The presence of Asian hornets was first noted in France, Spain, Portugal, and other European countries, marking the beginning of their invasive journey in the region. The introduction of the species to France in 2004, believed to have arrived in boxes of pottery from China, initiated a cascade of rapid expansion.

By 2009, thousands of nests were reported in Bordeaux and surrounding areas, highlighting the rapid proliferation of these predatory insects. Over the years, Asian hornets have spread across France, with numerous sightings and nests reported throughout the country, leading to significant concerns among beekeepers and agricultural experts.

The spread of Asian hornets extended beyond France, reaching northern Spain, Portugal, Belgium, Italy, Germany, the Netherlands, Luxembourg, and even the United Kingdom. The discovery of Asian hornet nests and colonies in these countries underscored the invasive nature of these predators and the challenges they pose to local bee populations and ecosystems.

Impact on Human Health and Safety

While the primary impact of Asian hornets is on bee populations and beekeeping activities, there are also concerns regarding human health and safety. Asian hornets, although not inherently aggressive, can exhibit defensive behaviors when their nests are threatened. This can lead to attacks on humans, resulting in stings that can be more serious than those from western honey bees. In cases of multiple stings or allergic reactions, individuals may experience anaphylactic shock, requiring medical attention and hospitalization.

Tragic incidents, such as the death of a man in Galicia, Spain, after being stung over 20 times while pruning an apple tree, highlight the potential dangers posed by Asian hornets to human life. Similar reports of fatalities and hospitalizations due to Asian hornet stings have been documented in France and other affected regions, raising awareness about the need for caution and preventive measures when dealing with these invasive insects.

Management and Control Strategies

Asian hornets exhibit specific behaviors that can be observed to identify their presence and take necessary action. Foraging Asian hornets are most active during the day, particularly from spring until autumn, depending on the climate. They cease their activity at dusk, making daylight hours optimal for monitoring their movements.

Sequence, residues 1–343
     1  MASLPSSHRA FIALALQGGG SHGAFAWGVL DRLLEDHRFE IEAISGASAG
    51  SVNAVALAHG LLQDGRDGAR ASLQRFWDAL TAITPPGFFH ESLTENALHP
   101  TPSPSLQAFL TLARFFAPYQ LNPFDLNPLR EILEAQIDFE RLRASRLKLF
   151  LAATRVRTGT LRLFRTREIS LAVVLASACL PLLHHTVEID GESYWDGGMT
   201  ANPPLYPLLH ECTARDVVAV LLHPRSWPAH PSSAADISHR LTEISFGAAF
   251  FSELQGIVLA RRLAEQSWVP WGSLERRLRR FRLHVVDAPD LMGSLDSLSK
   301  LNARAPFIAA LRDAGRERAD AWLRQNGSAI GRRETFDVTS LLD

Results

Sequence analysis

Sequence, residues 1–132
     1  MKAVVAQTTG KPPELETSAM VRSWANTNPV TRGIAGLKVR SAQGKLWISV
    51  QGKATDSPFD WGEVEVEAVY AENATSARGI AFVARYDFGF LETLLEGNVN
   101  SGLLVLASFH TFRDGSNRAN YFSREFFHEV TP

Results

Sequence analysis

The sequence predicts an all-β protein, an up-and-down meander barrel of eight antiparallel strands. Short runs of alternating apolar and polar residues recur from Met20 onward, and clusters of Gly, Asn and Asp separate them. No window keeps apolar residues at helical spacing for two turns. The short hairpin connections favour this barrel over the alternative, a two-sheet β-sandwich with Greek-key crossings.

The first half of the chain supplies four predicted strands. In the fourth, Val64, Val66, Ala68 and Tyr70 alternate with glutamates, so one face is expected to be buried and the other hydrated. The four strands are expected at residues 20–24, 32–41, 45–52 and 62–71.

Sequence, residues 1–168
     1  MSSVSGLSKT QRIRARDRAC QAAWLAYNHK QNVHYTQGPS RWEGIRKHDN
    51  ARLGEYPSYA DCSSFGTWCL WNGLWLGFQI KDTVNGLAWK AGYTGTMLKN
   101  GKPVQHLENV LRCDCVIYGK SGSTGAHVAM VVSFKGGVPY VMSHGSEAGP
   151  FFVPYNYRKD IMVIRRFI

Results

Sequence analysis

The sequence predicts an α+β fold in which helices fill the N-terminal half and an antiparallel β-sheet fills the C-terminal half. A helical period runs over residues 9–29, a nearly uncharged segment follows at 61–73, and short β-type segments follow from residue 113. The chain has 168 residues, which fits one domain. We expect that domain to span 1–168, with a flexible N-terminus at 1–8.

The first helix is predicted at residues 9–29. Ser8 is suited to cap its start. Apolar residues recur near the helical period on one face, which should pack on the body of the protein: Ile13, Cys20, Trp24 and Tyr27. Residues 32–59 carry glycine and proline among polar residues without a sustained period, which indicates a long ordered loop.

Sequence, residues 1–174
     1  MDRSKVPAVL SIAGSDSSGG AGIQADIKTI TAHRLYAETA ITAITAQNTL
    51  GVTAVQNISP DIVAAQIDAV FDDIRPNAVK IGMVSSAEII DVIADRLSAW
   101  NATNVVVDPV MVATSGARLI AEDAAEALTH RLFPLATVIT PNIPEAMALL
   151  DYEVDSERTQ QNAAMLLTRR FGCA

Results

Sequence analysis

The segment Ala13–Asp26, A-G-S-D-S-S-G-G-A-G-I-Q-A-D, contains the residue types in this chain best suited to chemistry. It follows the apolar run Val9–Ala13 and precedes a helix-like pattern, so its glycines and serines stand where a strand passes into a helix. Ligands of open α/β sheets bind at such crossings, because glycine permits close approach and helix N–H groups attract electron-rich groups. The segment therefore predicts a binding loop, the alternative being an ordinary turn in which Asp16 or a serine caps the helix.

One key behavior of Asian hornets is their “hawking” technique outside honeybee colonies. They hover near hive entrances, targeting foraging bees returning with pollen or nectar. Asian hornets swiftly incapacitate bees, forcing them to drop to the ground before paralyzing them. The hornets then decapitate the bees, remove their legs and wings, and transport the bodies to their nests. This predatory behavior can significantly impact honeybee populations if left unchecked.

Additionally, there are reports of Asian hornets entering honeybee colonies to steal brood and honey. They attack guard bees and rob the brood nest, further stressing bee colonies and leading to potential hive losses. In their native regions, Asian hornets have been known to destroy up to 30% of Asian honeybee colonies, with complete hive losses observed in areas with high hornet densities.

Asian hornets also pose a threat to native biodiversity by preying on other social wasp and insect species, as well as consuming various invertebrates like crickets, butterflies, flies, caterpillars, and spiders. They may also feed on ripe fruit and flowers, impacting ecosystem dynamics.

How To Protect The Beehives

To manage Asian hornet populations and protect bee colonies, beekeepers and authorities utilize several control strategies:

Nest Detection: Asian hornet nests are typically found high in trees or hidden in structures like garages, sheds, or holes. In autumn, nests become more visible as they reach their largest size. Inspecting areas close to bee hives for nest presence is essential.

Traps: Commercially available traps can be strategically placed around hives to capture foraging hornets and reduce their numbers. Home-made traps can also be effective with proper design and placement.

Biocontrol: Biocontrol methods using natural predators or parasites of Asian hornets have been explored. The purple pitcher plant (Sarracenia purpurea) was investigated as a potential biocontrol due to its ability to trap hornets, but its unselective nature led to reconsideration of its use. The parasitic fly Conops vesicularis has shown promise in infecting Asian hornet queens, disrupting their ability to establish colonies.

Public Awareness: Educating beekeepers and the public about Asian hornet identification, behaviors, and reporting protocols is crucial for early detection and swift action.